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Wildfire and Sediment: Addressing Two of the Biggest Threats to Māʻalaea Bay

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A unique pilot project on Maui will use oysters to filter water at Māʻalaea Bay in an attempt to improve water quality at the location.

“The Māʻalaea water quality needs some help, and it turns out that oysters are superb at filtering the water.  The largest oysters can filter 40 gallons per day of water, and take out everything from oils and heavy metals and silt to all the chemicals that somehow end up in our waters,” said Larry Stevens, Board Member of the Maui Nui Marine Resource Council.

The Maui Nui Resource Council says wildfire and sediment are two of the biggest threats to ocean water quality at the site.  According to the MNMRC, wildfires burn away the plant cover on upslope lands, creating prime conditions for soil erosion.


“Erosion results in sediment in the ocean, which harms coral reefs, hindering their ability to feed, grow and reproduce,” according to the MNMRC.

The organization hosts a free talk on the threats and mitigation efforts at Māʻalaea Bay tonight, Wednesday, Nov. 13 at 5:30 p.m. at The Sphere at the Maui Ocean Center. Admission is free and the public is invited. Seating is limited, so advance reservations are suggested. Click HERE to make a complimentary reservation.

Speaker Michael Reyes, Senior Ecologist at Maui Environmental Consulting, will take participants on a virtual trip to the Pōhākea watershed above Māʻalaea, to learn about plans to mitigate wildfires in the area and resolve problems that currently contribute to erosion.


Reyes will also share the findings and the action steps outlined in the “Vision for Pōhākea” plan that Maui Environmental Consulting created on behalf of Maui Nui Marine Resource Council.

Amy Hodges, Maui Nui Marine Resource Council’s Programs Manager will speak about the oyster project and will show photos of the oysters that are being raised.

Stevens says that rather than using pearl oysters, which are not the best water filterers, the MNMRC will be using Pacific Oysters, which have been found in Hawaiian waters for many years.


He said it’s a complicated project to create life in a challenging environment like the harbor.  “The challenges are tremendous because Māʻalaea is the driest part of the island, the windiest part of the island and the most fire prone part of the island; and when the fires burn, the plants are torched, much of the soil becomes loose, so when the rains come, it all erodes down into the ocean.”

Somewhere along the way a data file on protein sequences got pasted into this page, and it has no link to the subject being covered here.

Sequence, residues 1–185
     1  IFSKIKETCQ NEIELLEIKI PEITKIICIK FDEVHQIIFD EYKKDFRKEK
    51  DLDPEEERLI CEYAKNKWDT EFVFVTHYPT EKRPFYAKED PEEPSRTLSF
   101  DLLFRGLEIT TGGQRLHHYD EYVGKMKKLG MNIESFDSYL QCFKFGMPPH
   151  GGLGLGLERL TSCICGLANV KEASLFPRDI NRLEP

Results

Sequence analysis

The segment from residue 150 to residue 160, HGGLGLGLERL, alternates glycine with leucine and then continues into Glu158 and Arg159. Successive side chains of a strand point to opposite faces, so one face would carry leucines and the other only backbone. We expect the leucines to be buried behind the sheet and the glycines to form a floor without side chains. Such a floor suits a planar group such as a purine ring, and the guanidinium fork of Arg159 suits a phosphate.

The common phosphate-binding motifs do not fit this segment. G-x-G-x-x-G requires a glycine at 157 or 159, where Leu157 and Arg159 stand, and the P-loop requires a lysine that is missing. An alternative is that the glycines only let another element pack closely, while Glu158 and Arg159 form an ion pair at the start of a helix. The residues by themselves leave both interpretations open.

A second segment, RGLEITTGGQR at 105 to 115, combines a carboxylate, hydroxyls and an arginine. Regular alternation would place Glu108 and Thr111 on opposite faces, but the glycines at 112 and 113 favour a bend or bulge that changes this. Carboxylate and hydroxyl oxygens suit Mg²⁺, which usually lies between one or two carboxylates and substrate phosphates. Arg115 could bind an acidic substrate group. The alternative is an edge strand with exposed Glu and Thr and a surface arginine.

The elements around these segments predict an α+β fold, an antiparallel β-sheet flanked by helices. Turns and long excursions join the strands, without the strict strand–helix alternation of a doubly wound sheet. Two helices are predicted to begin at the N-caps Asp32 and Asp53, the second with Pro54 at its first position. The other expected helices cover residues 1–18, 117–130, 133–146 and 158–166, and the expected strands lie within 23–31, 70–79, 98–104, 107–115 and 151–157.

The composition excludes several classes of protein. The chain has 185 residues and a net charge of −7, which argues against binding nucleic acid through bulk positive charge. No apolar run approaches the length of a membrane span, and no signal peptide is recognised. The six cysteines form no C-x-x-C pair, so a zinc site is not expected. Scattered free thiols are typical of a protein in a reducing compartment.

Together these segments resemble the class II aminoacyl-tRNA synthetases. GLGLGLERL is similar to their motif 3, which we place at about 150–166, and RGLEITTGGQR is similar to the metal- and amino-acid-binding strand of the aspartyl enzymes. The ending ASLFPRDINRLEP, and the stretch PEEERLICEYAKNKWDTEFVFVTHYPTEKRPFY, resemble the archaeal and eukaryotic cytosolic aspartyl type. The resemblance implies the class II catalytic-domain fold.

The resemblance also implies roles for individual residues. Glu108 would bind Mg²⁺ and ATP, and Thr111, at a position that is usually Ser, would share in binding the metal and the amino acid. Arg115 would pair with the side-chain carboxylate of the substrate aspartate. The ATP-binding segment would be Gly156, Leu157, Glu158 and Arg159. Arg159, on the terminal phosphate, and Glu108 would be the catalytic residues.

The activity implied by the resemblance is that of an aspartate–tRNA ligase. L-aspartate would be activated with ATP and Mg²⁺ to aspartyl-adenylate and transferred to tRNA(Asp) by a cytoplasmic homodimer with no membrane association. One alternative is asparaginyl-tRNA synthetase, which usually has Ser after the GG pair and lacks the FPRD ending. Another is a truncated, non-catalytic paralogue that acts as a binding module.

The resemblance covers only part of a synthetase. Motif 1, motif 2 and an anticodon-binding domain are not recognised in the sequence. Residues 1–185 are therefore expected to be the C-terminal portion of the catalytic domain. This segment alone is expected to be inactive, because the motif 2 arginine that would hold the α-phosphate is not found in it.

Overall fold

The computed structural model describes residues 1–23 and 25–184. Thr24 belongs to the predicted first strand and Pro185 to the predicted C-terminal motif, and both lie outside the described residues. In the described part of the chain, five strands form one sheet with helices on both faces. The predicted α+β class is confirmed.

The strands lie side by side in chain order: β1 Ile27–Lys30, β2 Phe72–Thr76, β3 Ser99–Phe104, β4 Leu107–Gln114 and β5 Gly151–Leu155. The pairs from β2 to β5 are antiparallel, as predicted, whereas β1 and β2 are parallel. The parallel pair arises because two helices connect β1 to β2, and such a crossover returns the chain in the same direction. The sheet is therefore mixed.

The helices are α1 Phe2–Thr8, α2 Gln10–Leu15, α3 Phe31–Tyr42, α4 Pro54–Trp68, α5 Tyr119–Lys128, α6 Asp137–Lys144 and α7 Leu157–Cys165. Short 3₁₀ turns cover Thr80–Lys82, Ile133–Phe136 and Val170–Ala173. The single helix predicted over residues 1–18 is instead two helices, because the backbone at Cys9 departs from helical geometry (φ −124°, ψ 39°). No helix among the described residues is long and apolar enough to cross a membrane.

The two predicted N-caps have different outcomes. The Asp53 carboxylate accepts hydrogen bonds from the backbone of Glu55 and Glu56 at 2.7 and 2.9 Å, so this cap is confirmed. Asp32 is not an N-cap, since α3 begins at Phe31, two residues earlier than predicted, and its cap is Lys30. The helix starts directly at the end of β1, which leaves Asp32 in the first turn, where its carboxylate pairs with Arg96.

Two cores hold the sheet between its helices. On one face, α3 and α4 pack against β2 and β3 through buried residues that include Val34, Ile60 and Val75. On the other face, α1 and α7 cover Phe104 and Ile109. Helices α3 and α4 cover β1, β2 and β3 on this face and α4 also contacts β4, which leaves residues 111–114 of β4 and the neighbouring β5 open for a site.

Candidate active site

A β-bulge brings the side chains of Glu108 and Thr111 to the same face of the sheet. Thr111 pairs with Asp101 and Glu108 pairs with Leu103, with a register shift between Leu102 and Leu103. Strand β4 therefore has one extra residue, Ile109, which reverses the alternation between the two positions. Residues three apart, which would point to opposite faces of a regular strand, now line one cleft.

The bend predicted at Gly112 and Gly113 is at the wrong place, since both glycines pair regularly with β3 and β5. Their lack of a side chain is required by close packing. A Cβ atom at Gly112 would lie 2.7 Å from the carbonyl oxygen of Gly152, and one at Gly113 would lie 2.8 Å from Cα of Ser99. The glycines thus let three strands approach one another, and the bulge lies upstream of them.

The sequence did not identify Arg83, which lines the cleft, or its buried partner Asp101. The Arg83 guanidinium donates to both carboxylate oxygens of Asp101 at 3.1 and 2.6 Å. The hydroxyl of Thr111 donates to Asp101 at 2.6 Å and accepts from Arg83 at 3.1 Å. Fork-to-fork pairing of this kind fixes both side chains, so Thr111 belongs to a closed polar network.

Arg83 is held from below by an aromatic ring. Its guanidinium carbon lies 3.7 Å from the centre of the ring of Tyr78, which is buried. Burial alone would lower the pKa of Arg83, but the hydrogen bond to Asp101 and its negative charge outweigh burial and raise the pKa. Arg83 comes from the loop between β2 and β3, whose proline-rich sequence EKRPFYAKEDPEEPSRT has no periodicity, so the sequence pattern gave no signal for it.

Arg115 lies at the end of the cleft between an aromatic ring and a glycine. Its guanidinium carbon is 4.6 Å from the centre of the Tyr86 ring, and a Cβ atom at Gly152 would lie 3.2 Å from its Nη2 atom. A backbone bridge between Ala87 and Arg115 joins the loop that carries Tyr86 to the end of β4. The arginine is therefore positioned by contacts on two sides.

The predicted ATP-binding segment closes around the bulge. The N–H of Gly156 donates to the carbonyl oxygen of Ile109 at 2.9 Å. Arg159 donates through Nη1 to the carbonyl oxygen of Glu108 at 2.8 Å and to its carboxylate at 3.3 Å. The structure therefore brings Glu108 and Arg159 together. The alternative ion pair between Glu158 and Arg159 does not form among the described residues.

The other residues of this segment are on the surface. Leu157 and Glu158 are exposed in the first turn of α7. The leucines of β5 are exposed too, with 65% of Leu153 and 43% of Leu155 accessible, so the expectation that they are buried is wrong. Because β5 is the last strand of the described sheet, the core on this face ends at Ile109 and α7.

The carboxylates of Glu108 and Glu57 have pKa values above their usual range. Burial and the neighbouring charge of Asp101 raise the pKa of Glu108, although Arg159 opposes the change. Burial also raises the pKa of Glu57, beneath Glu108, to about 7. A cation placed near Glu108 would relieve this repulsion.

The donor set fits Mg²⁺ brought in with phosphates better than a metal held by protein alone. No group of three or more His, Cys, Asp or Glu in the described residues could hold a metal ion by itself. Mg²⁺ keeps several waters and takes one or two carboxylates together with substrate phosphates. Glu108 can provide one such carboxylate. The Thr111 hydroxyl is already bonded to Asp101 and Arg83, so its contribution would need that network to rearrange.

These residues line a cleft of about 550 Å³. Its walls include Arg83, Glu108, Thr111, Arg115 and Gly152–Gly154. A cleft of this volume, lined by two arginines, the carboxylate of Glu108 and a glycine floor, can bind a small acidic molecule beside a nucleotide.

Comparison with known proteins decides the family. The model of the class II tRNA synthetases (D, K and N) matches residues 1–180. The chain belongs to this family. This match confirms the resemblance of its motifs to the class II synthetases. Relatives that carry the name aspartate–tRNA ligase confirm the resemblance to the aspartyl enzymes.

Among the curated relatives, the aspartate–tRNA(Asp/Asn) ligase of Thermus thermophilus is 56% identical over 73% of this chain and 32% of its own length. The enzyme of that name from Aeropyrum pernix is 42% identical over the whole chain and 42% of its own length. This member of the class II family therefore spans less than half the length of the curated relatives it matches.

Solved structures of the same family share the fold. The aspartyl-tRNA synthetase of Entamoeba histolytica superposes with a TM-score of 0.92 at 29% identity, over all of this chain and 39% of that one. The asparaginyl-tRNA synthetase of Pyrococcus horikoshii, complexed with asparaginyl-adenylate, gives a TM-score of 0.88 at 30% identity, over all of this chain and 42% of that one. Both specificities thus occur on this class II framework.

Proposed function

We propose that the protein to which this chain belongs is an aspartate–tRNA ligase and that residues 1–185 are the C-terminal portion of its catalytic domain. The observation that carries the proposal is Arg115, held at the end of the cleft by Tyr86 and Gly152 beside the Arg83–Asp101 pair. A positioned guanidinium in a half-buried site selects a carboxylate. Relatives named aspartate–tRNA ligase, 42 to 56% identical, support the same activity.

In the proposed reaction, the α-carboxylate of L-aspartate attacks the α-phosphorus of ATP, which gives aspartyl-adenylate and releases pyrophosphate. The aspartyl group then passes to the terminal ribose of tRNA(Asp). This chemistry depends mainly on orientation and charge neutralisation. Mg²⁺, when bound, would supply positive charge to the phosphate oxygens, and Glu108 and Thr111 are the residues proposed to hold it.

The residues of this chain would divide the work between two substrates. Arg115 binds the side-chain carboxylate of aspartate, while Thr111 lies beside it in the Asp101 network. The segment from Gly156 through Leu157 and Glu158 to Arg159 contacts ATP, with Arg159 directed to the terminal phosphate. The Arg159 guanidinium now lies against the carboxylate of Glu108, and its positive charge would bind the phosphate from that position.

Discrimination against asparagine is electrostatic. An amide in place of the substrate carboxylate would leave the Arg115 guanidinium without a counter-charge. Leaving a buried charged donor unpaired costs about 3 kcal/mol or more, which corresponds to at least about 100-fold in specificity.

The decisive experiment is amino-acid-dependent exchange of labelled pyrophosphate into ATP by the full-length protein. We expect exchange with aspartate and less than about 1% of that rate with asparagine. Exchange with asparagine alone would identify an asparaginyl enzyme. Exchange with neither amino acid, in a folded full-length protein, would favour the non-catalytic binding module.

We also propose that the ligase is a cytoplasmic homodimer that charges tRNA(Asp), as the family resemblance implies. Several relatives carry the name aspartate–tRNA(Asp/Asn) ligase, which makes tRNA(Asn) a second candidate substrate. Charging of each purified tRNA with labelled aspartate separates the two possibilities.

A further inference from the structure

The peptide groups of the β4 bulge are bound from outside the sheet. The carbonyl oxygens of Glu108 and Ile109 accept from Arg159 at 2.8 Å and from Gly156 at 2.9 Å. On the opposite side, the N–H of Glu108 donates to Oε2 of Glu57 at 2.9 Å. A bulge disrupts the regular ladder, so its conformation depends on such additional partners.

“We’re going to be coming up with a variety of strategies to help with fire mitigation–to do things like making firebreaks, to bring additional water sources–so that when we do have a fire, we can control it much more quickly.  And also to do planting to reduce the erosion to help develop plants that can quickly recover after a fire so less soil is lost in these dramatic events,” said Stevens.

Stevens notes that reducing fires will make a difference to everybody who travels along the Honoapiʻilani Highway, including commuters to and from West Maui.

“When we have fires, often the road can be closed for hours or even longer.  Infrastructure, which is electricity and internet service–all of that passes right through that area and if there’s a fire, it will all be destroyed in a flash.  So, we’re not just helping the oysters–we’re helping all kinds of things and also helping the oysters.”

Māʻalea aerial. File photo courtesy DLNR.

Māʻalea fire. File photo 6/10/10 by Wendy Osher.

Firefighters spent 60 hours battling a 5,800 acre blaze at Māʻalea. File photo (June 10, 2010) by Joni DeMello.

Māʻalaea fire. July 3, 2016. File photo courtesy: County of Maui, Ryan Piros.

Māʻalaea fire. File photo July 3, 2016: County of Maui, Ryan Piros.

Māʻalaea Mauka fire. PC: Ryan Prios / County of Maui 10.2.19.

Oct. 27, 2014, 6:15 a.m. from Māʻalaea Harbor toward Kīhei. File courtesy photo.


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